Inherent Vice: Laced with Acid?
There's a rumor going around that Pynchon's Inherent Vice has a punctuation mark laced with acid.
Since I consider this rumor questionable, might the punctuation in question be a question mark? Certainly out of the question is a dash -- an acid trip lasts a long time -- so perhaps we should consider a period. The Brits call this a full stop. That sounds too final. Like a bad trip with an even-worse-than-penultimate end. Let's stick with American terminology on this point. Yet even a period looks objectionable . . . so final. More to the point is a comma, the pause that refreshes. But this all sounds like a load of BS: colon therefore. Or it might be only half BS; semicolon is then the sign.
Still, I'm merely guessing, and your wild stab (quotation mark? hyphen? ellipse?) is as good as mine, but we won't be left wondering for long, I'd wager, since some individual from among the great hordes of Pynchonatical fans will surely test the truth of this rumor, though not by licking every single mark of punctuation in the book's entire 384 pages, oh no, for licking is too superficial -- the only sure method is to completely chew up that first period at sixteen words into the novel and then each succeeding punctuation mark until the very one sought for is found (or proven by empirical taste test not to exist) . . . and some Pynchonite will surely attempt this feat.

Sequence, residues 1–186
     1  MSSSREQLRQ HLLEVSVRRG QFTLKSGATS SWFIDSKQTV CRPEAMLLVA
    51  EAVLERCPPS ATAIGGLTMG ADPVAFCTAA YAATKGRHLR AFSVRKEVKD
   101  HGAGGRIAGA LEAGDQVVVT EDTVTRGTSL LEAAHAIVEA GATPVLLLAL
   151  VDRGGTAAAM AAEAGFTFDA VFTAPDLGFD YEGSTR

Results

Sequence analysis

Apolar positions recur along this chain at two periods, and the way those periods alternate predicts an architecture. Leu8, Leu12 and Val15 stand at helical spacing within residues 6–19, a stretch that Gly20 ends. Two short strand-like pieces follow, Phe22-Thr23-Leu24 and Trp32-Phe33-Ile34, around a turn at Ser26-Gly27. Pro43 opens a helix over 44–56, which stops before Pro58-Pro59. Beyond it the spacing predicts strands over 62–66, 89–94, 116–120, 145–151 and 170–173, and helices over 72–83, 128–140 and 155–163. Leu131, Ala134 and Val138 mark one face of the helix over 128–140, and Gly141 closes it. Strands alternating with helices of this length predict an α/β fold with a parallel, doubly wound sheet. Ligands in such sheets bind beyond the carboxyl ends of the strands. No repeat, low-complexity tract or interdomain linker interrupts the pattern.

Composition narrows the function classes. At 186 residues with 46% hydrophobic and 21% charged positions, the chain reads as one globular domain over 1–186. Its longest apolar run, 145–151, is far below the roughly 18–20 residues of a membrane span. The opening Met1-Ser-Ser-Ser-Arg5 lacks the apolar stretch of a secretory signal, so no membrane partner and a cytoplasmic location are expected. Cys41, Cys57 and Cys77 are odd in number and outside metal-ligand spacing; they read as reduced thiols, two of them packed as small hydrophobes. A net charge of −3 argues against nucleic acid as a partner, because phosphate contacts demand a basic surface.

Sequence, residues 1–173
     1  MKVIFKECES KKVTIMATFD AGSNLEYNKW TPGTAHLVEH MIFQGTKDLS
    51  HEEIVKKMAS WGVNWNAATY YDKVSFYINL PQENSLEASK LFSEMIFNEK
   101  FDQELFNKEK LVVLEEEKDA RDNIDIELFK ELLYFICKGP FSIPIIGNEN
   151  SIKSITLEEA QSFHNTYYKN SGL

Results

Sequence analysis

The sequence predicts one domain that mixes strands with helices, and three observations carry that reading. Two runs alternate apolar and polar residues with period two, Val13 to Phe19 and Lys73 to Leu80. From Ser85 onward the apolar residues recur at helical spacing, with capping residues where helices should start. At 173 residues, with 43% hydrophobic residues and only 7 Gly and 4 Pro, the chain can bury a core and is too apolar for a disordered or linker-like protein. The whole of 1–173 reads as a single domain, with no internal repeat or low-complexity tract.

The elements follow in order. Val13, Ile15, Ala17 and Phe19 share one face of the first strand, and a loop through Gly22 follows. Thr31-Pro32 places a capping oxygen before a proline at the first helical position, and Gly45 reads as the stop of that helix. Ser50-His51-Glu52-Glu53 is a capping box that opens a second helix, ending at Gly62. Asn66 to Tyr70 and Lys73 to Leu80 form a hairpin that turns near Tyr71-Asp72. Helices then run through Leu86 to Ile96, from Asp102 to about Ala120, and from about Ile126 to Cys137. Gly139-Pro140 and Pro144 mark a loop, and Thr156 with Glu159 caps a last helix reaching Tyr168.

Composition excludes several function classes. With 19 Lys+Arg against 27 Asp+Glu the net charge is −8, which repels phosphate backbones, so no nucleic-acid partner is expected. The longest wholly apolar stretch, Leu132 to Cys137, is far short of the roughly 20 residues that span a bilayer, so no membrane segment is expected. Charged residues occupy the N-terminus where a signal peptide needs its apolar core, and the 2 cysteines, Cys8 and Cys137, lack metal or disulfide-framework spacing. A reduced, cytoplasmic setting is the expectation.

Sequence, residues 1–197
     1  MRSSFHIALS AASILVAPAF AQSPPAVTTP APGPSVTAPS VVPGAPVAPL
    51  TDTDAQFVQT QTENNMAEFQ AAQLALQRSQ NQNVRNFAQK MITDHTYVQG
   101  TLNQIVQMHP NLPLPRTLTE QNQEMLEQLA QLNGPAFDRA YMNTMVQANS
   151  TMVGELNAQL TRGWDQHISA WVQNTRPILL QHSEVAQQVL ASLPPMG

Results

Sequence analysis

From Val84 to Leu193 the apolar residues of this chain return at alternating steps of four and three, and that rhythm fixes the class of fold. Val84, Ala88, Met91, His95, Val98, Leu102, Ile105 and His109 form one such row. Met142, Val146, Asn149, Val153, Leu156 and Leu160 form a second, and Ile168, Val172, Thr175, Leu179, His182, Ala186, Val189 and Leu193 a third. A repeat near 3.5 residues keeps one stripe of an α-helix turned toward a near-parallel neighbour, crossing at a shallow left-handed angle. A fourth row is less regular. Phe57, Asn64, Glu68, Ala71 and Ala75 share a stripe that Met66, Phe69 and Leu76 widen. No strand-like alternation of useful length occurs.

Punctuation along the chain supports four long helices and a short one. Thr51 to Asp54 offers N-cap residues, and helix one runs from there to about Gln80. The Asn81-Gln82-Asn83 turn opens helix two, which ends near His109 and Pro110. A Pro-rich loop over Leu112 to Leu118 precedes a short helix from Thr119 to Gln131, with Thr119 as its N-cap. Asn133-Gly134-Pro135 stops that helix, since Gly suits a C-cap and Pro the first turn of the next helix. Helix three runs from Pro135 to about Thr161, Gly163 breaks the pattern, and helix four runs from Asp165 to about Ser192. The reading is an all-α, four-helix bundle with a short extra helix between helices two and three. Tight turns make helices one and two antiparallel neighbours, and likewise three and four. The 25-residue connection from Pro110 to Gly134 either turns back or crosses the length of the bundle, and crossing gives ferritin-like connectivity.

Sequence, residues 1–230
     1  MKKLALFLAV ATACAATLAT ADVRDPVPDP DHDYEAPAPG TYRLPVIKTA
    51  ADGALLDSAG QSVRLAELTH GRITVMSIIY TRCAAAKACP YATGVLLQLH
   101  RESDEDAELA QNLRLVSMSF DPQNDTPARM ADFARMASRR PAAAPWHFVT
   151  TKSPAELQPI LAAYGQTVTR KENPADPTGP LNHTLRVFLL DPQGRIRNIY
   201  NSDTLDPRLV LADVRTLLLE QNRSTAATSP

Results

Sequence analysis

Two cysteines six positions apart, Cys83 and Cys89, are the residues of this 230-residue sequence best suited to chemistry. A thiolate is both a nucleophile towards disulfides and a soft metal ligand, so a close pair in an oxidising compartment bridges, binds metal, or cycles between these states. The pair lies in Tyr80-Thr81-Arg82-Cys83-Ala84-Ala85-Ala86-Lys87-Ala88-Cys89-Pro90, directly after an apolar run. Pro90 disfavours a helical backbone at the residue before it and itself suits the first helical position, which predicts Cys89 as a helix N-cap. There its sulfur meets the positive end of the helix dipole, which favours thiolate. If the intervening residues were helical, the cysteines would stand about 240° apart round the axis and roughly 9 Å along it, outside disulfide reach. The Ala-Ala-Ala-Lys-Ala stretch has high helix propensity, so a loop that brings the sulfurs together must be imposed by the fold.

Pynchon's Inherent Vice -- it's a trip!